I remember it perfectly. It was October 25th, 2015. Renee and I were on a bench overlooking the French Broad River. I was wearing a black hoody against the chill, and the leaves were changing colors in a way that only happens in the North Carolina mountains. It was the day after our seventh anniversary, and we were having a conversation we had never had before.
Renee was just three months out of the hospital. The story is long, but she had been born with a genetic heart condition that, at age 35, had her in heart failure. She was first diagnosed at 13. Her mother had the same heart condition and died at 45. We could not have children because the strain would be too much for her body, and the meds she depended on to survive would preclude it anyway. And while we never said it out loud, we fully expected her to die from this condition.
And then things changed. In August of 2015 we got a call at 10 AM that there was a heart available at Duke for Renee – could we be there in an hour? We could and did, and the following two weeks are their own long story.
But now, all that was behind us. We were celebrating our seventh anniversary and for the first time, we realized that we could have a conversation about the future that did not take as a given that she would die before age 50.
We had never had a conversation about retirement. About long-term goals. About what we wanted the future to look like. When you aren’t sure your wife will be with you when you are 50, you don’t waste a lot of energy planning that far ahead.
So, we sat on the bench and watched the water go by and talked about where we wanted to live, where we wanted to do, what we wanted growing old to look like. And the more we talked, the more it took shape.
We wanted a community of people. We wanted to live in a small city. We wanted children in our life. I wanted to do meaningful work. Renee wanted to shoot photographs. We both wanted to be near our families.
It began to fill out.
* * *
Every founder stays too long. It is what we do. We build organizations by scratching and surviving, and then we convince ourselves the organization cannot survive without us. We over-inflate our egos and tell ourselves that we are the key ingredient. It is easier to do this when the people who started this work with you have moved on, and so you are the only connection to the beginning of the organization.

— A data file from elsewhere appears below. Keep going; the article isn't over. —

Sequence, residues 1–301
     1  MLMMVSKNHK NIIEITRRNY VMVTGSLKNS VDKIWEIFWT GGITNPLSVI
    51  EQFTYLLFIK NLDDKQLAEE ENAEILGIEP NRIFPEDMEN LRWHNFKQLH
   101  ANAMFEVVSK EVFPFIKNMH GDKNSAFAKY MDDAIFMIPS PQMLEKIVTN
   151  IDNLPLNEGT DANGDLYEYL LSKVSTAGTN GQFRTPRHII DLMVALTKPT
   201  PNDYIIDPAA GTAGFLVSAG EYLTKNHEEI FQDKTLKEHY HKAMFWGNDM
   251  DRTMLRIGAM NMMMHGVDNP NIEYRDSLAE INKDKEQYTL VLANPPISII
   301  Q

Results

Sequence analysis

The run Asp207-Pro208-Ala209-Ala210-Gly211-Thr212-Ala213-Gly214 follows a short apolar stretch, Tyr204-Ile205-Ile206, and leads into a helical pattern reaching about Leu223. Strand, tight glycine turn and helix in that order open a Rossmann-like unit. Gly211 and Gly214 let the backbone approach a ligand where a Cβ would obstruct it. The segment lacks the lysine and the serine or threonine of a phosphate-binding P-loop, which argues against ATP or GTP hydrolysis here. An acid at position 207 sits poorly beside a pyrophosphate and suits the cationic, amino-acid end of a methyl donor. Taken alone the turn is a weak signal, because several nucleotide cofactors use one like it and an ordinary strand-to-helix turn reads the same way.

I began Love Wins Ministries in 2007. It didn’t even have a name then – it was just me and some friends sharing food in the park. But it evolved and grew and one day you look up and we had a staff and a blog and a community center and how did all that happen?
And then the city tries to stop you from sharing food with hungry people, and you decide to fight back. And you win, which gives you some profile and legitimacy. So like all successes, you grow and move to a bigger facility and… then your wife has a heart transplant and all your priorities change.
* * *
In the fall of 2015, sitting on that bench, for the first time since Love Wins began I thought about what leaving it would look like.
Over the next year, we would begin to work on it. We took our list of things we wanted and realized we couldn’t have the life we wanted here in Raleigh. It was getting more and more expensive to live here. Our parents were getting older, and they live 12 and 18 hours away, respectively. I had a nephew who was 10 that I had last seen when he was 2.
And if I am honest, I felt like I had accomplished here what I intended to do. We did demonstrate that a relational approach to homelessness works. We did change the City and how it approached homelessness. The attitude now in Raleigh vs when I got here in 2007 around homelessness? Miles apart. Anything I could do now was going to be incremental, and I am not an incrementalist.
So we looked around. Wilmington was nice. So was Charleston. Chattanooga would have been a definite yes were it not so far to the ocean. Last spring, we began to think about Jackson, MS. It is less than 3 hours to my parents’ house. The cost of living is low there. Two hours to the Gulf of Mexico. Two hours to New Orleans. Three hours to Memphis. An economically depressed city, so I would have plenty of meaningful work to keep me occupied. A new government in place that wants to change things for the better.